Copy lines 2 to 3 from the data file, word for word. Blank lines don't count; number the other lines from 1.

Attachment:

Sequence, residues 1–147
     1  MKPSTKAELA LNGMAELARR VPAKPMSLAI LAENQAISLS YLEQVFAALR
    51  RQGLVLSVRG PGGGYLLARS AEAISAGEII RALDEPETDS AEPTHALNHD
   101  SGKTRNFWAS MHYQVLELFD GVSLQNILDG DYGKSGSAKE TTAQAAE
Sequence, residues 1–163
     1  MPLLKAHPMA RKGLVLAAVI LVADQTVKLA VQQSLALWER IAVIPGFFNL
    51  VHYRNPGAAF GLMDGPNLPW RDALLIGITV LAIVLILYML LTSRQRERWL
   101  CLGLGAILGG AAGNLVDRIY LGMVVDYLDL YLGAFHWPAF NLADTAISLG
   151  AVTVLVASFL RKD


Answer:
     1  MKPSTKAELA LNGMAELARR VPAKPMSLAI LAENQAISLS YLEQVFAALR
    51  RQGLVLSVRG PGGGYLLARS AEAISAGEII RALDEPETDS AEPTHALNHD